A Mortgage Mod Happy Ending

Mortgage modifications were going to help up to four million Americans save their homes, remember? That was the claim of the Obama Administration when it announced its Making Home Affordable program in early 2009. Yet more than three million applications later, only about 100,000 mortgages have actually been modified under the widely-vilified program.

But what about those 100,000, the lucky folks who actually had their terms modified? For my friend Ralph, it is a story with a happy ending.
Ralph has been out of work since last spring, laid-off from his job in the financial services industry. With kids in college, no job, and both a first and second mortgage, Ralph needed a break. What worked for him was a good credit history, money in the bank, willingness to work with the system, and patience, lots of patience. Your mileage may vary.

It may have helped, too, that both of Ralph's mortgages through Countrywide Financial (now part of Bank of America) were actually owned by Fannie Mae and may well have been written-down by the now-nationalized mortgage securitizer.

"It was easy, " says Ralph, "though it took a lot of time. Bank of America services the loans but Fannie Mae owns them. It might have been harder if the bank owned the loan and saw it as their money. They asked me about my income, which came down to unemployment and my wife's business selling on eBay. They asked for a P&L statement for the eBay business, which was just a matter of printing-out a spreadsheet, then they adjusted our payment to 31 percent of my wife's net income, which came to an interest rate just slightly over two percent. Our payment was cut in half."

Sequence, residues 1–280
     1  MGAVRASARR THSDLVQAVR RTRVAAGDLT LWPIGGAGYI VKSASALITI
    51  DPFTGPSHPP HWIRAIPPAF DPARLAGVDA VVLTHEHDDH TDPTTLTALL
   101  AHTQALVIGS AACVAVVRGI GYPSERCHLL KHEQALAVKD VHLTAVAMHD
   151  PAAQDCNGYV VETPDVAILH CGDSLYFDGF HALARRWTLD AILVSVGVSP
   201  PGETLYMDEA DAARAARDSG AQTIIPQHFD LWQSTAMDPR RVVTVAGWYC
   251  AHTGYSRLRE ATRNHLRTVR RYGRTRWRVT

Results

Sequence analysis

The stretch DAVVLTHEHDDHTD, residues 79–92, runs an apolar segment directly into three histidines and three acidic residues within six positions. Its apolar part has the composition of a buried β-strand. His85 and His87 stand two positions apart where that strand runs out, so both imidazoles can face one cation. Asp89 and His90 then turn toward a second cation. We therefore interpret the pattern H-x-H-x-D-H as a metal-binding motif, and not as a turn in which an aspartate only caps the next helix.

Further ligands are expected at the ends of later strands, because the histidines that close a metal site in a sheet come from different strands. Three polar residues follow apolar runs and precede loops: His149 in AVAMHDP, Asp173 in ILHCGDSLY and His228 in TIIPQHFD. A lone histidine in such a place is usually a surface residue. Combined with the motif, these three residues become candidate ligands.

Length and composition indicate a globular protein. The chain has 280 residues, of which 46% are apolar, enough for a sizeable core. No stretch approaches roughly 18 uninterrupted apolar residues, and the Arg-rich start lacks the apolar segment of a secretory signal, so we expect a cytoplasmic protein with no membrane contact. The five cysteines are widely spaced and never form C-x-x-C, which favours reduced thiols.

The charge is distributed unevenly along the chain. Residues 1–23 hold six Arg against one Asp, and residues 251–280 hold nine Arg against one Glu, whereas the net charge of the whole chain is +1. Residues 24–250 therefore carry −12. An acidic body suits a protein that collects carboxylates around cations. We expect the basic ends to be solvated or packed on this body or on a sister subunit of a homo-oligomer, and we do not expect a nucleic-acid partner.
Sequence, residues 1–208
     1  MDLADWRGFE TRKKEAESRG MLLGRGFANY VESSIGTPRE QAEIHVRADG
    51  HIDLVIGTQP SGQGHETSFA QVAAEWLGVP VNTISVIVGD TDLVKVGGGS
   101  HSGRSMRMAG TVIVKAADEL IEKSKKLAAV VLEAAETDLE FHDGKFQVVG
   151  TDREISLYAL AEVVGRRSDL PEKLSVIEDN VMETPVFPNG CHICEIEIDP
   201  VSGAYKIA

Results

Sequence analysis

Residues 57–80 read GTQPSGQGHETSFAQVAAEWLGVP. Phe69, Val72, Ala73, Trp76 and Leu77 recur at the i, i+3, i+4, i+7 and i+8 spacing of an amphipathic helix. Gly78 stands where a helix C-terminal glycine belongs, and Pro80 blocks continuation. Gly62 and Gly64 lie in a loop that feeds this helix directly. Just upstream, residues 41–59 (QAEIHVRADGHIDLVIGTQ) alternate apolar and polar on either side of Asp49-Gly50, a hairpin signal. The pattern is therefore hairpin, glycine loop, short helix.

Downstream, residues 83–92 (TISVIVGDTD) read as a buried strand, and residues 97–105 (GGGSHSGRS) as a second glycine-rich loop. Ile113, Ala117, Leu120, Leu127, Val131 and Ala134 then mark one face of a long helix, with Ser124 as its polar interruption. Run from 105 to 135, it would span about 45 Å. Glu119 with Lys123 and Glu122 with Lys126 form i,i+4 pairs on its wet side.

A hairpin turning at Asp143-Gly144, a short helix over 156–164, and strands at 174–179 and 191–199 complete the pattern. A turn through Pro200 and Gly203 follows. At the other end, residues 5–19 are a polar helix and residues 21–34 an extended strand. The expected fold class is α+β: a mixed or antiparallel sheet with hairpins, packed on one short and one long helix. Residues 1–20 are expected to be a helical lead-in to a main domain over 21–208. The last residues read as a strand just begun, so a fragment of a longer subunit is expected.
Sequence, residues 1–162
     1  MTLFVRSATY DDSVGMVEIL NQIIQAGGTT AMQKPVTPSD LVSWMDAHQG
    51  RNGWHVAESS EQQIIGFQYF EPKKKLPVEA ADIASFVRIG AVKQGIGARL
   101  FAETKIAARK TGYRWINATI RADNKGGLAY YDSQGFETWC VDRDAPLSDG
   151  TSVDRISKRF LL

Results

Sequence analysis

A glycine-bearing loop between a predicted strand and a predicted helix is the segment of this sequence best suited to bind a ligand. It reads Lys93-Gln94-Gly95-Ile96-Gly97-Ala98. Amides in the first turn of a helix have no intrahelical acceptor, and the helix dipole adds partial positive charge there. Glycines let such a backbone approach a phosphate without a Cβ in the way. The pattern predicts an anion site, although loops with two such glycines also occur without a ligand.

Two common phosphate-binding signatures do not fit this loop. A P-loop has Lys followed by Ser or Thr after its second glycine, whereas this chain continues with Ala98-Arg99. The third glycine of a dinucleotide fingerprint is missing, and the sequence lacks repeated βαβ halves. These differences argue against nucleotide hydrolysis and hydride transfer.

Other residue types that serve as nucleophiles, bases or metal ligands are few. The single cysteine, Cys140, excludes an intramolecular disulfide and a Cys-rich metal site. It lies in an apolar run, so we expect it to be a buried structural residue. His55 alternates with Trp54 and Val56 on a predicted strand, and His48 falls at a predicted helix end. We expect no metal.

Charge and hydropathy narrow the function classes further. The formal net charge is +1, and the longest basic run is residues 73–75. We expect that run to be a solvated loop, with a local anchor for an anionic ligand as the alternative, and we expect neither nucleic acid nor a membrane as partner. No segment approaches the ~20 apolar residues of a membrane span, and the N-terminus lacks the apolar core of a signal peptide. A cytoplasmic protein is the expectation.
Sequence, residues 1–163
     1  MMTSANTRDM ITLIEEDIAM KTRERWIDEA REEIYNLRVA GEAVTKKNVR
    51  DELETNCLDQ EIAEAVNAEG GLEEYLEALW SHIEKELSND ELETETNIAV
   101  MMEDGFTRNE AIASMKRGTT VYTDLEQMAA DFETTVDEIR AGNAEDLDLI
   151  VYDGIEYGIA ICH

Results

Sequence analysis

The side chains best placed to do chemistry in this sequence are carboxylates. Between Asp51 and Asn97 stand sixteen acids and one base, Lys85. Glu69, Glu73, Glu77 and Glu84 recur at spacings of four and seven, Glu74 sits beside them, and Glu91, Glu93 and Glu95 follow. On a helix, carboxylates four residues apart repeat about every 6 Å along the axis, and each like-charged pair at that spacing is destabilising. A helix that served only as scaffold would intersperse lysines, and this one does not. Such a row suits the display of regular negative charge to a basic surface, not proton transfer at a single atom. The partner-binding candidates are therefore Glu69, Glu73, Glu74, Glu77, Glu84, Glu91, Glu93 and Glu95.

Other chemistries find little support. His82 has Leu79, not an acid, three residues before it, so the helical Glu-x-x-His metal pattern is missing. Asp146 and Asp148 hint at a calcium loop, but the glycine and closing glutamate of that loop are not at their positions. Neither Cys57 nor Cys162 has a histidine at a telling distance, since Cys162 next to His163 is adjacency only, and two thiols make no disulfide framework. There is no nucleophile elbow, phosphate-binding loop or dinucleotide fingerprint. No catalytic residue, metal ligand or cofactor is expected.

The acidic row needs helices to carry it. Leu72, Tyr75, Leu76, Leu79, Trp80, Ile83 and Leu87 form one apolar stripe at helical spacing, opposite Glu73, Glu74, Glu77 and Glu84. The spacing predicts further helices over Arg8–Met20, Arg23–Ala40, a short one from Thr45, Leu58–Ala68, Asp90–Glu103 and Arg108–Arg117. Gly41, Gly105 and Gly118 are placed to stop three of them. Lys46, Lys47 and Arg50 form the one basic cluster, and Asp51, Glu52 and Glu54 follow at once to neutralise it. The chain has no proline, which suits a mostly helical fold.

It helped that Ralph had the documentation requested by the bank, though he notes they did not require any verification -- no tax returns, just the P&L. Ralph also had to make it through the trial modification period, which just meant he had to make the new payment for three months before the rate became permanent.

So there are mortgage modification success stories, just not many of them. In Ralph's case his payment was cut in half for the next five years and that rate will stick even if he gets another high-paying job.

For now, Ralph is still looking.
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